The E-P5 is the top of line camera in the Olympus Pen series. It’s a bit confusing since Olympus has 2 lines, the OM-D and Pen but they share the same sensor. It’s really a matter of packaging. The OM-Ds, for now, have built-in EVFs and the Pen line doesn’t. The E-P5 is a beautifully crafted and retro inspired from Olympus’ old film Pen cameras. It’s built better than the E-M10 and arguably even better than the E-M5. I love how it looks and feels. Read my detailed review of the Olympus Pen E-P5.
Which would I prefer, the E-P5 or the E-M10? That’s a hard question. For the price, you certainly get more features with the E-M10. The biggest one being the integrated EVF. The E-M10 uses that same batteries as my other Olympus cameras, which is a nice bonus. The E-P5 uses different batteries.
But the Pen E-P5 is seductive in its build and looks. And the E-P5 also has the 5-axis image stabilization. It’s clearly a more premium camera, and when it was introduced, it was noticeably more expensive. Over the past year the E-P5 prices have dropped, to the point where both cameras are about the same price.
1. A complete set of features for a good price
2. Good ergonomic controls in a small form factor
3. That Great Olympus color
4. Fast focus
5. Accurate Exposure
6. 8 frames per second
7. Solid 3-axis image stabilization
8. Good quality EVF
9. Tilting rear LCD Screen
10. Built-in flash
11. Great lens selection, best in the mirrorless market
1. On and off switch placed inconveniently near the bottom rear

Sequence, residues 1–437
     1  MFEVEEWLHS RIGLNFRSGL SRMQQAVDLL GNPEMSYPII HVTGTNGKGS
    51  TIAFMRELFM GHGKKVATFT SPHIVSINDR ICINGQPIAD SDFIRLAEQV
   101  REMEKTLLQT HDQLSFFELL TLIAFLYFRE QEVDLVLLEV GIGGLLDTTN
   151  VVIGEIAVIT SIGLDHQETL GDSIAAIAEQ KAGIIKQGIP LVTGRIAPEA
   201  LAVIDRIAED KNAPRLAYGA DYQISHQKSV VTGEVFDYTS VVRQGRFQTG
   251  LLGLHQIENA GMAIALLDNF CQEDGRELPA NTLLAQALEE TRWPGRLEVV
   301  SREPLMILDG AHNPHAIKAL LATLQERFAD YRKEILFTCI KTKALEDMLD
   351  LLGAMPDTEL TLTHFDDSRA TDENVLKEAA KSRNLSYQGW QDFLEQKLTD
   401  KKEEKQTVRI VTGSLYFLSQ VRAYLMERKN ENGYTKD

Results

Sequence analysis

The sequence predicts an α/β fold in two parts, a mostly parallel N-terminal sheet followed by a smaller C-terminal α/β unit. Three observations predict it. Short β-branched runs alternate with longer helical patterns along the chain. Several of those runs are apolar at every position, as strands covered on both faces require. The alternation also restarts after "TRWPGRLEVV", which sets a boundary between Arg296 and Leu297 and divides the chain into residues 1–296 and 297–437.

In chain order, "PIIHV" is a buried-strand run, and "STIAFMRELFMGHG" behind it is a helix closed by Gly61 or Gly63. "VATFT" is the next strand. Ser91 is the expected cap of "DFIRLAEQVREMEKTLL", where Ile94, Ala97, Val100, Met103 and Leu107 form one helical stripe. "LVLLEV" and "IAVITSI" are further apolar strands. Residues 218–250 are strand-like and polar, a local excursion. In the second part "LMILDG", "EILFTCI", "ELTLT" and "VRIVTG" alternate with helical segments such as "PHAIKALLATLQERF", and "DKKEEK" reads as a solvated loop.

2. Would prefer stiffer control dials to minimize any unintended changes
3. Does not have an accessory port for external mics
There is little to fault the Olympus OM-D E-M10. It’s a highly refined camera which you can tell has been honed over years of improvements. In reality, very little separates the E-M10 from its slightly older and larger brother, the E-M5. And being 2 years newer, the E-M10 has some new features such as a newer image processor and newer firmware. It has HDR bracketing features, for example, that the E-M5 does not have.
It seems like Olympus added all the latest features, detuned the camera a bit (using a 3-axis IS system instead of the 5-axis, removing the weather sealing) used a slightly less expensive body casing and dropped the price. At $799 it has all the features most anyone will need and it’s solidly under the $1000 mark.
I would seriously consider this over any entry to mid-level DSLR. The image quality is in line with DSLRs and it so much more versatile and fun. The smaller camera is going to allow you to bring it to more places than a comparably bulky DSLR. In theory, a skilled photographer might be able to get technically cleaner pictures from an APS-C DSLR, but for most people, it probably won’t make a difference. Size and convenience wins.
For any one looking for a camera under $1000, it’s the camera I recommend.
Eeyore’s Birthday Party is always a fun place for people photography. I once called it the Last Remnant of Hippie Austin. The event has been going on for some 50+ years but I’ve only visited the last three. I thought I posted something last year, but turns out I didn’t. When I compared this year’s photographs to 2 years ago, I noticed some interesting differences.
I’ve changed my style somewhat and while I’m currently on a saturated color kick, the main difference is due to the lenses’ focal length. Look at the photos from 2 years ago and you’ll notice portraits taken with a 90mm equivalent lens. There’s a formality to them, they’re more posed. The narrower angle of view concentrates attention directly on the single subject.
This year, you’ll see more candids and even my posed portraits are more laid back, I think. With the 35mm equivalent lens, I need to shoot differently. I’m up closer to my subjects but I still include more of the environment.